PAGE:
For example, Lourdes Sanchez lives in Sweden but still uses sign language to communicate with her 3-year-old son. She is also starting to teach her 6 month old as well.

"I am in the Baby Signs group because at the end it doesn't matter from where your signs are from, the main purpose is the same," Sanchez wrote in an e-mail. "Signing has been wonderful for us. [My son] is very receptive to them."

Although Sanchez uses Swedish sign language, she still can communicate with her son.

But is baby sign langauge different than ASL. According to Sign Babies creator, Nancy Cadjan's forum post she said that "[b]aby signing introduces children to basic ASL."

"Parents continue to speak but add a few ASL signs for the words babies need most," Cadjan said. "No attempt is made to use ASL suntax or structure because the goal is not to teach a new language."

Cadjan says "by using standardized ASL signs, children have the opportunity to communicate with other babies and children who have also learned the same ASL signs... By using ASL signs, children gain added advantages like the ability to communicate with more people and a start to learning a beautiful language."

Cadjan also created Sign Babies ASL Flashcards . The cards show ASL signs that help children "learn to recognize common objects, actions, and emotions," according to the web site.

Besides just helping introduce children to sign language, benefits from teaching them sign language helps "reduce tears, tantrums and frustration, allows babies to share their worlds, increases respect for babies, strengthens the parent-infant bond, boosts self-esteem and self-confidence, makes learning to talk easier [for the child] and stimulates intellectual development," according to the Baby Signs Web site .

These findings were researched by Dr. Linda Acredolo and Dr. Susan Goodwyn for over 20 years. Their research and insight into baby sign langauge is available in their three books : Baby Signs, Baby Minds, and Baby Hearts. Each adds more depth for parents desiring to better understand their child's development and with the help of sign language.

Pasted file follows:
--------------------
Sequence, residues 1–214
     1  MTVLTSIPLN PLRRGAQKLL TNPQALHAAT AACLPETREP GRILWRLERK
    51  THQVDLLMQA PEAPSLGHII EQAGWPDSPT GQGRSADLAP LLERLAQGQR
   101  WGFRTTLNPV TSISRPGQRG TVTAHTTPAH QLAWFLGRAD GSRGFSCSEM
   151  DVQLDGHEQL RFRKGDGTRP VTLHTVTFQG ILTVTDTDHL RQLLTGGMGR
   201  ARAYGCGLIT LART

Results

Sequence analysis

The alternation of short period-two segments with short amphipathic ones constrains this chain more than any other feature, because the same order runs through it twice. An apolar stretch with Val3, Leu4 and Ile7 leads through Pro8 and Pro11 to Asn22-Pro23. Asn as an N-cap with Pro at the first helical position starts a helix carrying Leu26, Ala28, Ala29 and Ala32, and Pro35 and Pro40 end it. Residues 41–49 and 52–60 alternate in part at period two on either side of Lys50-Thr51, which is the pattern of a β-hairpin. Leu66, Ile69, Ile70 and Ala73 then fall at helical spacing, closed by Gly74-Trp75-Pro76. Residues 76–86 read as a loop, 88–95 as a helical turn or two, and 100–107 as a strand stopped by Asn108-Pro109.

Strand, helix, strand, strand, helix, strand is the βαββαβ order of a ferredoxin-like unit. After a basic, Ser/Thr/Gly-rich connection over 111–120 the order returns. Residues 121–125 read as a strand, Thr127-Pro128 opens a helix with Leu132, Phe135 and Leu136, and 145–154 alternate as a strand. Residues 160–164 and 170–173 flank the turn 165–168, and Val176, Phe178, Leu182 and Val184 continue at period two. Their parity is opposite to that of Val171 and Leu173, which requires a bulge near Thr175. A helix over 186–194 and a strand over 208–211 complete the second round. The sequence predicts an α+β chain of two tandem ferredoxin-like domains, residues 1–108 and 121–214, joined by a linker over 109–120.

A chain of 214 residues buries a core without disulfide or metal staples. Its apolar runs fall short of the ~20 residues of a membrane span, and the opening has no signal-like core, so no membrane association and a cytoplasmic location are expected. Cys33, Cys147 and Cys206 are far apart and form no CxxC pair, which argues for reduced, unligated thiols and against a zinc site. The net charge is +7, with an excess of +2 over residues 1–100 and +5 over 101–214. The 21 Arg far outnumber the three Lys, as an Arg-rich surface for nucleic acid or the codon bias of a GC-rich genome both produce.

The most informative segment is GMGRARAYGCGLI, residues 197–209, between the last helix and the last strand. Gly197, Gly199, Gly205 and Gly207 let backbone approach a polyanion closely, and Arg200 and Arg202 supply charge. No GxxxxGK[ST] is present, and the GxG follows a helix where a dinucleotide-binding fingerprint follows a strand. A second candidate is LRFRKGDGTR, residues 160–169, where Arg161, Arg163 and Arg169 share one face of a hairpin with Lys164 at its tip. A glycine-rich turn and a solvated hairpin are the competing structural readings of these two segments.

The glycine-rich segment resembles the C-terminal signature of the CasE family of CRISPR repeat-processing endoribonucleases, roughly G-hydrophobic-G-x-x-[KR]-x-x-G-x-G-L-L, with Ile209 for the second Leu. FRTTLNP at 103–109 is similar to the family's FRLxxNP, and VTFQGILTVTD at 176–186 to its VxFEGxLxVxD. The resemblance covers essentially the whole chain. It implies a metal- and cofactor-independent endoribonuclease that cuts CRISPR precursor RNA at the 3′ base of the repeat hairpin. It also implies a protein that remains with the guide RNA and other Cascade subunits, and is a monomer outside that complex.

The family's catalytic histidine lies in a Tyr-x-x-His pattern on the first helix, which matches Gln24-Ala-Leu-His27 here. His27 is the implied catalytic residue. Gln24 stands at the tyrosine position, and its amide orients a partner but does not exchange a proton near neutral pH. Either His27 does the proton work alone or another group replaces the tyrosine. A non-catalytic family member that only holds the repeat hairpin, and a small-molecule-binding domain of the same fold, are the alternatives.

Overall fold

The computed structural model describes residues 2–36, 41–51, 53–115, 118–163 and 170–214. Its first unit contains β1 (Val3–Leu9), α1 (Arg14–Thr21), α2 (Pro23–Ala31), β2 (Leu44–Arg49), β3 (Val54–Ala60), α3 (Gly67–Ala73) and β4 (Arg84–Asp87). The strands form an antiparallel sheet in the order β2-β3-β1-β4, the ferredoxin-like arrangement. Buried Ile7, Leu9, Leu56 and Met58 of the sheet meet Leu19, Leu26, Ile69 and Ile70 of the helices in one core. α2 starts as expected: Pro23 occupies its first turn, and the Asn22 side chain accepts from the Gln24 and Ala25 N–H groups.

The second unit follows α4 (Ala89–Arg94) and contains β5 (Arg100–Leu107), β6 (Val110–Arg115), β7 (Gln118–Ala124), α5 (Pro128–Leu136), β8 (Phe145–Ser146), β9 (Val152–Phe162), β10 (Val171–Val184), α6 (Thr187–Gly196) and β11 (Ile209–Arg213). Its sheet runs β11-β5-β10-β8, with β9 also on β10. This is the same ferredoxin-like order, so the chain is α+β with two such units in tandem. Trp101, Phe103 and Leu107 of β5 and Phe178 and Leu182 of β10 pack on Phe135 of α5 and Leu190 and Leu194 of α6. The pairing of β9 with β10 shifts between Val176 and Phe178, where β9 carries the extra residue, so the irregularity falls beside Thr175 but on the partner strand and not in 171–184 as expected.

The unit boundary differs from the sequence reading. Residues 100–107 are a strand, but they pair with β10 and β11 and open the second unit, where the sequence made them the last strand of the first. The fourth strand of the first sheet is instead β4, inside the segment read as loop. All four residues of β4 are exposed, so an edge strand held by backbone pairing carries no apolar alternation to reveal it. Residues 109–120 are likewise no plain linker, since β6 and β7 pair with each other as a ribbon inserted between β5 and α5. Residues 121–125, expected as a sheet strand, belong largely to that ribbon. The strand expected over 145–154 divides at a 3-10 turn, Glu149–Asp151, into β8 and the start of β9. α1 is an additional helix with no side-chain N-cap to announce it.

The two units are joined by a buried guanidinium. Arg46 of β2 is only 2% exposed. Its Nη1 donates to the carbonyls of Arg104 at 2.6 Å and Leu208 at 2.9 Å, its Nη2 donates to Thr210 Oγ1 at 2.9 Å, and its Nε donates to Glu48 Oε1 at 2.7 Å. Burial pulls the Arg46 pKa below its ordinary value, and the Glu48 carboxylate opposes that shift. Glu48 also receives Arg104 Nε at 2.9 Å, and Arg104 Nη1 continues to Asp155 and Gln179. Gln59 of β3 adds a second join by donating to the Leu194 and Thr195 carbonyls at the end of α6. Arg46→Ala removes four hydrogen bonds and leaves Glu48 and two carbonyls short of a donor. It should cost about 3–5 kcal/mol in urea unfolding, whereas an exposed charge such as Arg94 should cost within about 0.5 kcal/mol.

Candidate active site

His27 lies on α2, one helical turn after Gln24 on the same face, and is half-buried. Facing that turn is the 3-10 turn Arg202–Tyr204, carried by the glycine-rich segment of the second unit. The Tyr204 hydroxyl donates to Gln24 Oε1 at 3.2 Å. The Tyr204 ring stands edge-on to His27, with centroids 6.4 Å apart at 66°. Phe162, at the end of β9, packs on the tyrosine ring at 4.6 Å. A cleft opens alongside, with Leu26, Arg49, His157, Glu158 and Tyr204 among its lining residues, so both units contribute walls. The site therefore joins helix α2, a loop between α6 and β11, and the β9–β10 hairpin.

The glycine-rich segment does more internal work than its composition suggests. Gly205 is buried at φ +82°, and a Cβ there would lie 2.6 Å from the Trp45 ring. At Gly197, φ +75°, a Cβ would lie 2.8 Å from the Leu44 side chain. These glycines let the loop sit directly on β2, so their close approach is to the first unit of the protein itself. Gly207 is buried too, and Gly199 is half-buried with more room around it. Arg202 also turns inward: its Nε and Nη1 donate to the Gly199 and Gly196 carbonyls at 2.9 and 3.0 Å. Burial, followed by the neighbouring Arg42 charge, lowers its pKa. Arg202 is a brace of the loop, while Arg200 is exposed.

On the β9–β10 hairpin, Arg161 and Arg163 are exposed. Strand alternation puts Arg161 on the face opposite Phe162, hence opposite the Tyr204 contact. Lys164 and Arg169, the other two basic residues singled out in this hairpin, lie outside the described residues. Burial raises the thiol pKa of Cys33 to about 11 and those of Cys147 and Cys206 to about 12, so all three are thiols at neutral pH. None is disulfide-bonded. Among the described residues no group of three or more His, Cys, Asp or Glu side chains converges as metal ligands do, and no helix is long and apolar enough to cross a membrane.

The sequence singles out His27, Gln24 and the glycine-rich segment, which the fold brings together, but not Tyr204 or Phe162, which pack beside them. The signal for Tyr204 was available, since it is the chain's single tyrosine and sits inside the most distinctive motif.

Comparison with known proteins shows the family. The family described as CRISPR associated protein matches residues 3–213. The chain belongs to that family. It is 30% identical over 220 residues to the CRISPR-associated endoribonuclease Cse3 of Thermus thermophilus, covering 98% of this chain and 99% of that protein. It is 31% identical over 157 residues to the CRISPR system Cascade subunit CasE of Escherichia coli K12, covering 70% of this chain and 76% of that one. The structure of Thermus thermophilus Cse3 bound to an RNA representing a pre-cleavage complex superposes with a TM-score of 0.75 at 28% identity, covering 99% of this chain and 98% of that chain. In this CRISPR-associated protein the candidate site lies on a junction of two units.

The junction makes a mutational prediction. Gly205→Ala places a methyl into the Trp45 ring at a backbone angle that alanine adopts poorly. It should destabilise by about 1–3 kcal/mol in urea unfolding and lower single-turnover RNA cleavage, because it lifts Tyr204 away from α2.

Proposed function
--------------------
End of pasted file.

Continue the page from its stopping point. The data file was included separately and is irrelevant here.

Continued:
Besides Acredolo and Goodwyn's book is Joseph Garcia's SIGN with your BABY complete learning kit with book, training video and a quick reference guide. This kit can obtained through the Sign2Me company which is focused on ""the development production, publication, and distribution of print, video, and multimedia resources to help establish two-way communication between hearing parents and their hearing children through the use of American Sign Language signs."

Along with Garcia's book, Sign2Me has a variety of products from flashcards to reminder posters to CDs.

Also through Sign2Me can parents find Level I Certified Presentors who over classes all over the country and Canada. Presentors may have their own companies with different names but they are all qualified through Sign2Me.

"American Sign Language is an incredible gift from the Deaf community, which can be used by hearing individuals to bless and enrich their lives in countless ways," according to Leslie Briggs's website, Signing with Baby . Briggs has been a Level I Certified Baby Sign Language Instructor since 2002. She teaches workshops for parents as well as works with schools and childcare programs desiring sign language instruction.

And a final tool available to parents are discussion forums connected with either Baby Signs , Sign2Me , or Sign Babies . Parents can discuss their successes and failures with other parents experiencing the same things as them.